Serial entrepreneur Karl Jacob has attempted to tackle many industries in his career, from social networks to cybersecurity. When a friend asked Facebook’s repeated founder and former strategic advisor if he could help him with his mortgage bank, he said “sure”. He didn’t know what he was getting into. After spending some time in the company’s call center, he realized how broken the system was. Jacob witnessed agents repeatedly asking customers to submit financial information that employees could easily access themselves, and then suggest loans that would make the most profit even if they weren’t the best choice for the consumer. Jacob quickly realized what his next company would be.
“What if we try to modernize not just the technology stack but the mortgage process as well?” Jacob remembers thinking. “How do we know more about this person we want to lend money to so we can lead them as well as we can?” The resulting company is LoanSnap. Launched in 2018, the home mortgage platform aims to provide loans that improve the financial future of the underlying consumer. The startup, which saw strong demand, has just started a new round of funding, as originally in the Midas touch Newsletter.
True Ventures led LoanSnap’s $ 30 million Series B round, which included venture companies like Baseline Ventures, The Virgin Group, and Mantis VC, as well as individuals like former NFL quarterback Joe Montana, the LinkedIn Co-founder Reid Hoffman and Zynga founder Mark Pincus attended. This new influx, which brings the startup’s funding to a total of $ 64 million, will help expand its services in other areas. “There are tons of other financial products that we look at,” he adds. “Especially those who tend to take advantage of consumers where they shouldn’t.”
LoanSnap isn’t the only startup trying to hit the mortgage industry. But Jacob says his company is different. Not only does LoanSnap try to get the process online or speed it up – even though the software tries to close loans within 15 days – but it hopes to put the consumer in a better financial position than when it started. Users provide LoanSnap with basic information, such as: B. the last four digits of your social security number. The AI system scans their financial information and shows users where they are losing money, e.g. B. Student loan interest or credit card debt. Then a “Smart” is recommended. Loan that aggregates all of these payments to give users the opportunity to improve their financial health by paying their monthly mortgage payment. “Our approach focuses on showing [consumers] Specifically, how much they lose each month and then use an AI machine that has a goal to optimize that person’s financial system, ”says Jacob.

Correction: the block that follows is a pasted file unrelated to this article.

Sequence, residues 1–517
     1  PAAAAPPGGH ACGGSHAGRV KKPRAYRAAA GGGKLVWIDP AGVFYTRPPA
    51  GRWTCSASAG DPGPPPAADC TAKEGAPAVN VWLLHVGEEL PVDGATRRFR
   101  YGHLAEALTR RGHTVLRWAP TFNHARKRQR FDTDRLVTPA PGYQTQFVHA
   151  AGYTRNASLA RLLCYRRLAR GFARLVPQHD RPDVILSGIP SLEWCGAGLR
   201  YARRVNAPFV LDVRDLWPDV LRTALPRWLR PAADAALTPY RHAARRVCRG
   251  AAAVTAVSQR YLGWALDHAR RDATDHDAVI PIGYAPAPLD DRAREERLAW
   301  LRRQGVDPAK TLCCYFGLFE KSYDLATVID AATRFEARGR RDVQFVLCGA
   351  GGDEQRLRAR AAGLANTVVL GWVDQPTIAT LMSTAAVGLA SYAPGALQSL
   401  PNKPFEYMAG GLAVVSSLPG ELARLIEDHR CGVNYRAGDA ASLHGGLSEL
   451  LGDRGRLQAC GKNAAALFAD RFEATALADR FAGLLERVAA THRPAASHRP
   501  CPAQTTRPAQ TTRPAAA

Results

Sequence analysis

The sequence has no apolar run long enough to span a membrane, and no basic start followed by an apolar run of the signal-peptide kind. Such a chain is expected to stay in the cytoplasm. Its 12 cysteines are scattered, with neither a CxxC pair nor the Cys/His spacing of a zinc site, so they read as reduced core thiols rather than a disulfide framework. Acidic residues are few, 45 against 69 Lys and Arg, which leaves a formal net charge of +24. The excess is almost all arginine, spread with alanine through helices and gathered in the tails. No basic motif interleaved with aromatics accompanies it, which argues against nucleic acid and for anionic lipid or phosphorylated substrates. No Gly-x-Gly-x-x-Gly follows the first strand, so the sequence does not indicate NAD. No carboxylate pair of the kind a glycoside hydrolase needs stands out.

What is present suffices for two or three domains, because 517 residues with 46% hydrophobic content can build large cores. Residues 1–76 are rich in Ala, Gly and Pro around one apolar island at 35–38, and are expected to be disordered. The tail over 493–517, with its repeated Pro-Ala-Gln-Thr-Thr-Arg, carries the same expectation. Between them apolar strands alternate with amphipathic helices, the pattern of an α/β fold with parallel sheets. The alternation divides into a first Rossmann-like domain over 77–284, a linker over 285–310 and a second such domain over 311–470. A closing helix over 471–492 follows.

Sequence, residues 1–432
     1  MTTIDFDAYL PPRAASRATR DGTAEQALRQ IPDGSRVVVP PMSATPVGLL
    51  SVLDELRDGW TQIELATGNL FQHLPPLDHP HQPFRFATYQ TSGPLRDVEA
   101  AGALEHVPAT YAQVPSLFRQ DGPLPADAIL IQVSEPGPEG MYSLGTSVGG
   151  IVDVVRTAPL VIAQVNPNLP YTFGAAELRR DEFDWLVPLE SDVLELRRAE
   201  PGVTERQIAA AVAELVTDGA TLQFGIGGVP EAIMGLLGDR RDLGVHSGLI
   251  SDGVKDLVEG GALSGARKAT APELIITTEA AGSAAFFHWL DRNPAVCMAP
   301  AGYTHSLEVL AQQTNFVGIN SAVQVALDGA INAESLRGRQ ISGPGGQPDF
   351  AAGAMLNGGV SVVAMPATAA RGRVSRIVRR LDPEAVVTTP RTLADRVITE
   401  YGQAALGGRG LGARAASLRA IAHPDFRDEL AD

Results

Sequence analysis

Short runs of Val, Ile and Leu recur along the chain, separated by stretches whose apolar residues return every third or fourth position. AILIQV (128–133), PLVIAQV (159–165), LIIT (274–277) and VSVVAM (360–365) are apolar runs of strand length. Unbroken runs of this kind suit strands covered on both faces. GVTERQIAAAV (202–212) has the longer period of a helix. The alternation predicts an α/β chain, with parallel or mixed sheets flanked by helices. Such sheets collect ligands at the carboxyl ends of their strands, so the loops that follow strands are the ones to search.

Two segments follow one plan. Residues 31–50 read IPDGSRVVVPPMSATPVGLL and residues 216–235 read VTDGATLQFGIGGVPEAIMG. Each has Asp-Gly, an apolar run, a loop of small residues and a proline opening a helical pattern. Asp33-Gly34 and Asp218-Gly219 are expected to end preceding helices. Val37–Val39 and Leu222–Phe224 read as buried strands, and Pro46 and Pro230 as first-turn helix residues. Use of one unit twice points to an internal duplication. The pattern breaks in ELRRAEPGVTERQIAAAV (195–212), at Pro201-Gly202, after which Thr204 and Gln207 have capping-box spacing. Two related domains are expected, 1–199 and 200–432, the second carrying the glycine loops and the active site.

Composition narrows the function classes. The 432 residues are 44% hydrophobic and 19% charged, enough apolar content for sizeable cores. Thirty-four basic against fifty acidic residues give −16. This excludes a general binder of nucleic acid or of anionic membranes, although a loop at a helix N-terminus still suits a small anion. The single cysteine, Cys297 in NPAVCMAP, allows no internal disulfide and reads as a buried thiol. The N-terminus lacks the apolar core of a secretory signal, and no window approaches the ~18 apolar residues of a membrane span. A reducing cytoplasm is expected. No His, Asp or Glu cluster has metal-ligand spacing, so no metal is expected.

The startup’s services are currently available in 21 states. LoanSnap produces the loans itself and is not an intermediary or marketplace for other insurers. Jacob says keeping the entire process within the company allows for a faster approval deadline. The company currently provides mortgage, refinance, and home equity loans. According to Jacob, LoanSnap saved its users $ 35 million last year by moving their payments to a smart loan and $ 16 million in 2021. The company expects to be profitable by the end of this year.
The startup is trying to enter the real estate market at a time when activity is booming. The National Association of Brokers show that in March 2021, after months of steady growth, home sales rose another 12% year over year, leading to a plethora of activity in the mortgage sector. Despite the recent surge in growth, the mortgage industry remains fragmented. Quicken Loans holds most of the market with a bare loan 5% Market share as of 2019 leaving the door open for players like LoanSnap to benefit from the dissolution.